Ask the pilot: What’s the purpose of the different aircraft lights?
Is there a specific purpose for the different lights on aircraft? Some are colored and others blink. What are their different purposes? And do all airplanes have the same set of lights?
Career: Joined SAS in 1997. Flew the Fokker F-28 for two years, then the Boeing 737. Captain on the Canadair CRJ-200 at Cimber Air from 2007 to 2011. Has a background in business aviation from Hästens Sängar AB. Captain on the Boeing 737 since 2016.
Home base: ARN
Flies: Boeing 737
Flight hours: 13,700
Good question! Yes, indeed, there is a specific purpose for every light.
On the Boeing 737, similar to other aircraft types, we have position lights (also called navigation lights). They have to be on when it is dark. If you’re sitting in the airplane facing forward, the light on the left wing is red and the one on the right wing is green. These wingtip lights are visible from the front and from the sides of the aircraft. Then you have a white position light visible from behind and somewhat from the side. The reason for the position lights is that if you see an airplane in the dark, whether it’s on the ground or airborne, you can determine which direction it’s moving in.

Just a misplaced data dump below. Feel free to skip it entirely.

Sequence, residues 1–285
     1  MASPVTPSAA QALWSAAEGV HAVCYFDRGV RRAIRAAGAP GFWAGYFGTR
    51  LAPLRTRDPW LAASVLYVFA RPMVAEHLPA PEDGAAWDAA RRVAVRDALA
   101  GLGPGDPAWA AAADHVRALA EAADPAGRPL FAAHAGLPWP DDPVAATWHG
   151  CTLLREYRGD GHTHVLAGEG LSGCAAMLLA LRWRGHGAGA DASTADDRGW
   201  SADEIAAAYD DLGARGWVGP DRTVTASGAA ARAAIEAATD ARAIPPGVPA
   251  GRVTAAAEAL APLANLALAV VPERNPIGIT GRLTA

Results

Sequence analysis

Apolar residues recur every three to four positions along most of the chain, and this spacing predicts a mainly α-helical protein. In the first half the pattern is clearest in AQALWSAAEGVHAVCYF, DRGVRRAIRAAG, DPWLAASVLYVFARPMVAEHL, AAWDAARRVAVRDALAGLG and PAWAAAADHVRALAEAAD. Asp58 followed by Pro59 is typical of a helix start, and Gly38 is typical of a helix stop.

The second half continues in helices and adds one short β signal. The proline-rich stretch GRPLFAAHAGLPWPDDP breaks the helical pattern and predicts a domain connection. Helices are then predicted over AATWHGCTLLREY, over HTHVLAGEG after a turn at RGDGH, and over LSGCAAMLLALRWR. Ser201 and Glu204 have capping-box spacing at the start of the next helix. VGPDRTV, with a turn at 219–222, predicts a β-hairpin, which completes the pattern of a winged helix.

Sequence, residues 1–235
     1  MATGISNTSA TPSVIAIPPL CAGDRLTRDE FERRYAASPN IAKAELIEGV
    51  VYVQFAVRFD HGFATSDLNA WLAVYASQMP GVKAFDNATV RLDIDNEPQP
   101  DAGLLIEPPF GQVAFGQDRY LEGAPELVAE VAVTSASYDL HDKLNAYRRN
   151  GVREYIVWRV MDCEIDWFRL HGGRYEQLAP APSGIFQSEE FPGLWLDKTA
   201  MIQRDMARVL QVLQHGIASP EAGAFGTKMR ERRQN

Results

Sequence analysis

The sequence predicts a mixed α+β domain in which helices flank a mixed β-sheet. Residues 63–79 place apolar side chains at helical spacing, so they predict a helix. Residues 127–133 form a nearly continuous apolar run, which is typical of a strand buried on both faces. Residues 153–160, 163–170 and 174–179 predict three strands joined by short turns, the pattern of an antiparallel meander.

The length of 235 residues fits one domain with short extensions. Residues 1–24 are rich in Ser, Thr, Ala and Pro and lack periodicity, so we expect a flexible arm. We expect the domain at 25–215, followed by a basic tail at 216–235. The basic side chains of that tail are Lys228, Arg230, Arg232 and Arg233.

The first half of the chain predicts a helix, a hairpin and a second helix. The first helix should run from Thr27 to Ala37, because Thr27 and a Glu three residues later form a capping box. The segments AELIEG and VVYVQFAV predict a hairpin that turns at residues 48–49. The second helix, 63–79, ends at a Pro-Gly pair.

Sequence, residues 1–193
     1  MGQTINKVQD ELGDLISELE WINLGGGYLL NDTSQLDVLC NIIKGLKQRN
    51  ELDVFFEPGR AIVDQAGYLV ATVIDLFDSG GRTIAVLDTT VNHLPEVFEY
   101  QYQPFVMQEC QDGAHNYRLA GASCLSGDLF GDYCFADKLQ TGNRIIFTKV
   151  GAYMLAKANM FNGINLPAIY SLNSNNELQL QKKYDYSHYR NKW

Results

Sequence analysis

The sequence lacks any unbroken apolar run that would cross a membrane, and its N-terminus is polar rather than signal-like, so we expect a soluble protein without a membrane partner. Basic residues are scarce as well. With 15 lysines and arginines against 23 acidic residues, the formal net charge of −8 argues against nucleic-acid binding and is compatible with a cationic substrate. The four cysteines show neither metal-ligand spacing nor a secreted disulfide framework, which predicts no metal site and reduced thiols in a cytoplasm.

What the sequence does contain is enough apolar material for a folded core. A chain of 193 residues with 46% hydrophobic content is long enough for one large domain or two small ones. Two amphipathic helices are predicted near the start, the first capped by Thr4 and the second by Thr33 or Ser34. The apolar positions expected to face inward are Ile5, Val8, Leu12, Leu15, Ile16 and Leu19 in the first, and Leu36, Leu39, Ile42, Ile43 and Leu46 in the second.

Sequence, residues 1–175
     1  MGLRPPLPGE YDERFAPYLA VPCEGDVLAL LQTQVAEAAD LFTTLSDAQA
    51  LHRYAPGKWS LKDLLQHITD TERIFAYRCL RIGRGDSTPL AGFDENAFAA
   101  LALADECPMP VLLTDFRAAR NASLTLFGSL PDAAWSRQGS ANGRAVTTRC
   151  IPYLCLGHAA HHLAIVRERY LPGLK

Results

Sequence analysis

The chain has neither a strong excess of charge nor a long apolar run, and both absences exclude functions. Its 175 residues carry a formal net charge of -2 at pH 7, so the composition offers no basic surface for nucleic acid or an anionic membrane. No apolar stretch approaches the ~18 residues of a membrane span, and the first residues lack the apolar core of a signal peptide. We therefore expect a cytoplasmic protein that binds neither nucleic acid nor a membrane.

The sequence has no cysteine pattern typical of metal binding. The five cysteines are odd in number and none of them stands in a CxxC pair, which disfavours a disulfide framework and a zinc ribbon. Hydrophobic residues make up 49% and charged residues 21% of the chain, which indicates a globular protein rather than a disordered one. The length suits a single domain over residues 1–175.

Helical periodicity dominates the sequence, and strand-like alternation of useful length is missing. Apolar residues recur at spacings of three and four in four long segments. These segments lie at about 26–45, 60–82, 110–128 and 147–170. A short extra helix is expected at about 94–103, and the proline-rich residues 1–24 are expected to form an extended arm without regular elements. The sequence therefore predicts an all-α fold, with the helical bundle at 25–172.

We also have two blinking red anti-collision lights, or beacon lights – one on top of the fuselage and one beneath. Before we start the engines, we switch these on. This is to advise the ground staff that we’ll soon be starting the engines. After parking, when the engines are shut off, we turn off the anti-collision lights, which is a signal to the ground staff that they can safely approach the aircraft.
The final light is a pretty strong, white, flashing strobe. This is switched on just before entering the runway for takeoff and it remains on throughout the entire flight. After landing and when leaving the runway, we turn the strobe light off.
Small aircraft also have position and anti-collision lights. They might not have the white flashing strobe light though.
Flight Captain Niclas Almqvist
Published: May 2, 2017